Friday, 24 May 2013

Phil's Blogpost

It was Phil's morning today. He started with a remarkable impression of a Nuthatch in the car park, which had me alerting the group to st possible presence. However, there was the genuine rattle-like alarm call of a Mistle Thrush to divert the classes' attention from the fake call. We hadn't been walking long when Phil really excelled himself when he stroked the phallic sheath of a plant & asked its name. It was what Simon King has called the 'sexiest plant in the UK', otherwise known as Lords and Ladies, Wild Arum, Jack in the Pulpit, and Cuckoo Pint to name but a few. 
Goldcrest (c) 2013 Richard Whateley

There wasn't much to see in the woodland, but the winds were terrible, and I'm sure they affected the birdsong. One bird, which bucked the trend was a Mistle Thrush. This was entirely fitting, as one of their country names was 'Stormcock' from their habit of singing into the teeth of a gale. 
Goldcrest (c) 2013 Richard Whateley
 There wasn't much more to see or hear round the lake, although a confiding Willow Warbler enlivened the visit. At the opposite side of the lake was a very vocal Goldcrest, which showed for both sessions. He hadn't been present on any of our earlier visits, but seemed desperate for a female. The pm class hoped he would find a partner soon. We were rounding the side of the lake near the main road, when Phil (again) spotted something which had hauled itself out of the lake to sunbathe: a terrapin.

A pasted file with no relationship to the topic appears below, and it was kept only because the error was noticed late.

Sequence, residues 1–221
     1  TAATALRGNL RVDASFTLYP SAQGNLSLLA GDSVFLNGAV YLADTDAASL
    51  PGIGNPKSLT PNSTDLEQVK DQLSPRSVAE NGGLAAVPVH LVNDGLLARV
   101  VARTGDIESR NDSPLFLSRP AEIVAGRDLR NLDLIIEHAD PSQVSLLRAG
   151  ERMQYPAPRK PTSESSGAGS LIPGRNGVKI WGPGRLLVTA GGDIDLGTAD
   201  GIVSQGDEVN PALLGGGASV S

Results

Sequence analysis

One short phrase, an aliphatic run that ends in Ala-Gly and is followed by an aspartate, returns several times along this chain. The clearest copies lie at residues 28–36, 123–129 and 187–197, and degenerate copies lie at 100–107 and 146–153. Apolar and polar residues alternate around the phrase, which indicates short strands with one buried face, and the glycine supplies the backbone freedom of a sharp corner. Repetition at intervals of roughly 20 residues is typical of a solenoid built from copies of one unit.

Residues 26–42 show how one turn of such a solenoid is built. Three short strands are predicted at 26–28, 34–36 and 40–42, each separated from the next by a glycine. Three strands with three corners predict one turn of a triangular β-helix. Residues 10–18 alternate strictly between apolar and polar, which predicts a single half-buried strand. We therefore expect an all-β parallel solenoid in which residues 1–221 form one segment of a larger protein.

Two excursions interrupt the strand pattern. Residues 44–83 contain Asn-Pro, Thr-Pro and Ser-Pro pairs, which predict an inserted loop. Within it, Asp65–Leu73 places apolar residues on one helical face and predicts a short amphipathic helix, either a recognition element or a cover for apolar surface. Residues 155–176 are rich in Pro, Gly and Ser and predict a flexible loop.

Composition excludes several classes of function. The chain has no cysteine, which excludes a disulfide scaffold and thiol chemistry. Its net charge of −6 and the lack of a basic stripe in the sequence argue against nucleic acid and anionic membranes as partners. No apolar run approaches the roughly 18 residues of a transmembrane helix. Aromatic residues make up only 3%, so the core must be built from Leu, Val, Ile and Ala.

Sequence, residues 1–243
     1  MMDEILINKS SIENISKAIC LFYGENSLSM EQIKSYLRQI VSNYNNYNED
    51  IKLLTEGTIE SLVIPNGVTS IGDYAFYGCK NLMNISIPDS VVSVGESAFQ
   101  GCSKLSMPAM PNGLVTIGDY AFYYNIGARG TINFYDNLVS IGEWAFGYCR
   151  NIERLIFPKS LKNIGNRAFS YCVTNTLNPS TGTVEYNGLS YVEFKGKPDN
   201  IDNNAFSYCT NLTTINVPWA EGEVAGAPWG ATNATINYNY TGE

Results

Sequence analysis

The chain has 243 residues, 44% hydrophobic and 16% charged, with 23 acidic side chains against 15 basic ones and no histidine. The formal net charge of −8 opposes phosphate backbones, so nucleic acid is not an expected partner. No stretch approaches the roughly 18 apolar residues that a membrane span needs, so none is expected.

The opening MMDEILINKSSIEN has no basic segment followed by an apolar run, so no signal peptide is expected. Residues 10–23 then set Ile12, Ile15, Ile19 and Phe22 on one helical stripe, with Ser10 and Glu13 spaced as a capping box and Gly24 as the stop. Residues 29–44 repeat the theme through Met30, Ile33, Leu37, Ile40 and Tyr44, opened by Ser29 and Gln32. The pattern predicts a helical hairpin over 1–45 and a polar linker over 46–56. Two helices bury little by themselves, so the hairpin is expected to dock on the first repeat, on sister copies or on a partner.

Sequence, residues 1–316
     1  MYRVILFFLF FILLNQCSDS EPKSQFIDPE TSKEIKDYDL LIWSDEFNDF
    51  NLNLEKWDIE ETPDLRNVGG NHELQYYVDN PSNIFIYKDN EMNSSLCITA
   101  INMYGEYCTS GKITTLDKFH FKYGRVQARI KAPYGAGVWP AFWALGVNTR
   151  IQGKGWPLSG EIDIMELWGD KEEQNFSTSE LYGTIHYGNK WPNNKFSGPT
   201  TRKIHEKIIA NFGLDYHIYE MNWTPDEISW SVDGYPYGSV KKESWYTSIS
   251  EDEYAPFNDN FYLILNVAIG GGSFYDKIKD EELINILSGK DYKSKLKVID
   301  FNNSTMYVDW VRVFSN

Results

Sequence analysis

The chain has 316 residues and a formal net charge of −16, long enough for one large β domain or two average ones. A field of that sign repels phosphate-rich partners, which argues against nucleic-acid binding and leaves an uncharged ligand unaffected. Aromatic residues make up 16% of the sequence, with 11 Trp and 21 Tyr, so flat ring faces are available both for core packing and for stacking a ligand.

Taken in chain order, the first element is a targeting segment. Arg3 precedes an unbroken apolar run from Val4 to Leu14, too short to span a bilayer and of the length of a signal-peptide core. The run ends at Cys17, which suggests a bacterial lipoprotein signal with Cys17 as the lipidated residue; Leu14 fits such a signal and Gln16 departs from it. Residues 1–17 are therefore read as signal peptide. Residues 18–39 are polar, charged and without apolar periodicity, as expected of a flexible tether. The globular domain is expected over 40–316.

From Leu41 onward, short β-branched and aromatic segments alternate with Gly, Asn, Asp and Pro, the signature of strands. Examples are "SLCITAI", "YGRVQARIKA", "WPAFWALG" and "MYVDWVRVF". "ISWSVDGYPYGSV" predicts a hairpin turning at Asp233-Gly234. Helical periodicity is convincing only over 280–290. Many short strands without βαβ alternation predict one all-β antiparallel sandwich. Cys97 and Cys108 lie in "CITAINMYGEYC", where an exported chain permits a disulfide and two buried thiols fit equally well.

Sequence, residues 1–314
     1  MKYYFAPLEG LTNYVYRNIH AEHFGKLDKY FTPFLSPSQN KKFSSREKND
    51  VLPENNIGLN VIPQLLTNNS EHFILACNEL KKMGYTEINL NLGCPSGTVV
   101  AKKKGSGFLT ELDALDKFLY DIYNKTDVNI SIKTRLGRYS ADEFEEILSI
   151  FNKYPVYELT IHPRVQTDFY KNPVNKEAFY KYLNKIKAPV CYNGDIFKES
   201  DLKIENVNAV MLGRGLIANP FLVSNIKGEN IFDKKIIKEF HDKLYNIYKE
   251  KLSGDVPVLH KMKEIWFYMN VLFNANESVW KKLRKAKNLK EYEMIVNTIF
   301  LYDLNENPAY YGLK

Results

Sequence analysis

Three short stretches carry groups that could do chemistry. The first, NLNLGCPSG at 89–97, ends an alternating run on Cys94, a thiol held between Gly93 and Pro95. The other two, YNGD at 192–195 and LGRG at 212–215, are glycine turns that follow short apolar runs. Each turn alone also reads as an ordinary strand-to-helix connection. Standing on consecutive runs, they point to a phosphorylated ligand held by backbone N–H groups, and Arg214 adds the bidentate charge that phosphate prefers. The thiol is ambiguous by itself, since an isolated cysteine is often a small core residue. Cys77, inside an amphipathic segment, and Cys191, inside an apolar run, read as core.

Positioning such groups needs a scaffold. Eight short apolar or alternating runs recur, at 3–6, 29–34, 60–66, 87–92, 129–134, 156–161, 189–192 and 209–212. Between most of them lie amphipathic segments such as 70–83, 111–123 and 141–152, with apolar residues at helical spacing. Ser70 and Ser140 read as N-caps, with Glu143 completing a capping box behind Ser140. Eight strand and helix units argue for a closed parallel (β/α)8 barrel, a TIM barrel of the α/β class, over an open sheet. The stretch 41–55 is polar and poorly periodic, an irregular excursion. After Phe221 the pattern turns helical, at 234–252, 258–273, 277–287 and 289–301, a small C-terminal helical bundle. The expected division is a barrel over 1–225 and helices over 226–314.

Goldcrest Showing its Gold Crest(c) 2013 Richard Whateley

 Song Thrush(c) 2013 Richard Whateley
We sheltered from a heavy shower under some conifers and when we emerged there was a genuine Nuthatch in the parkland. Although it was a far distance away, everyone managed to see it, as it was perched at the very top of an apparently dead tree. During the showers Swallows flew low over the grass, while House Martins and Swifts flew a little higher up. Since Wednesday last week a great flock of sheep have been released onto the 'lawn', so the insects attracted to their dung may be beneficial to any insect eating birds during the summer. 
Terrapin (c) 2013 Richard Whateley
 Willow Warbler at same location a month ago
 Elm Seeds
 Hail Dwalin, Son of Fundin
Pheasant (c) 2013 Phil Todd
 Driday Unmentionables' Ducklings (c) 2013 Phil Todd
 Elm Seeds (c) 2013 Phil Todd
This venue has been very disappointing, but perhaps its just been the appalling weather which is to blame.

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